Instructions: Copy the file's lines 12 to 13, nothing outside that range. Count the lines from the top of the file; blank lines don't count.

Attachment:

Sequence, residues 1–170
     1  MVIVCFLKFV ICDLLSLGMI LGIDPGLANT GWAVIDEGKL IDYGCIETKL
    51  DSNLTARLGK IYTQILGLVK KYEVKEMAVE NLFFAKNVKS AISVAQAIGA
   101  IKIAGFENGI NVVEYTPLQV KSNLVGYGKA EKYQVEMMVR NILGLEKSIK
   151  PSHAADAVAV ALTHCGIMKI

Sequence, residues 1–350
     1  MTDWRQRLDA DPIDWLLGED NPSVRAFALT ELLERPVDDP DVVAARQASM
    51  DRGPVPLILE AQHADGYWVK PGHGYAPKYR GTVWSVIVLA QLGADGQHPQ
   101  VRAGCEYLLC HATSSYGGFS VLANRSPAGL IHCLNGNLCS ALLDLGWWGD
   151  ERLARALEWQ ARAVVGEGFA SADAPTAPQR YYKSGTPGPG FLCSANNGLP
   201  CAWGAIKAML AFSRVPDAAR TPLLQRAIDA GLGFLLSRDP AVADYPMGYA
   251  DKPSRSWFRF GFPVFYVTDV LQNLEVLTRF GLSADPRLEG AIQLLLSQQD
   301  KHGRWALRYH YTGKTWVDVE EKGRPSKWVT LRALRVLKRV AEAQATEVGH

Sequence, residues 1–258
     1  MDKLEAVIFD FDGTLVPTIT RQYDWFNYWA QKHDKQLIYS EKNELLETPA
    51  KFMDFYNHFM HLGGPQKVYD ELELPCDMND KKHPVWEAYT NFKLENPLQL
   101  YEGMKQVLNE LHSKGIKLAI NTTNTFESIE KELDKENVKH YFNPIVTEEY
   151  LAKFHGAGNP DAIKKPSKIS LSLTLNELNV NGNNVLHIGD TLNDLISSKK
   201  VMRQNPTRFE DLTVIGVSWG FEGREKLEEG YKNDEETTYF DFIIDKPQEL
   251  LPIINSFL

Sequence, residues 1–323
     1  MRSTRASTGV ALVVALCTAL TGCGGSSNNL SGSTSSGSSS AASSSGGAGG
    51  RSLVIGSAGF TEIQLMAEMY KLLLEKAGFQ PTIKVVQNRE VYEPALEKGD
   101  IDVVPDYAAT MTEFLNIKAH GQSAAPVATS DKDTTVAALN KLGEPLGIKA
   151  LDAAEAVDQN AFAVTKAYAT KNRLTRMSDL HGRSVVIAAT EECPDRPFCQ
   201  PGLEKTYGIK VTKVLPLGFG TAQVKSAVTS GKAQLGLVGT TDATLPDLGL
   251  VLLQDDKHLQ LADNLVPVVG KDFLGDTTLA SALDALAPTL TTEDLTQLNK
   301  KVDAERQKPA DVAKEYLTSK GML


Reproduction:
   251  DKPSRSWFRF GFPVFYVTDV LQNLEVLTRF GLSADPRLEG AIQLLLSQQD
   301  KHGRWALRYH YTGKTWVDVE EKGRPSKWVT LRALRVLKRV AEAQATEVGH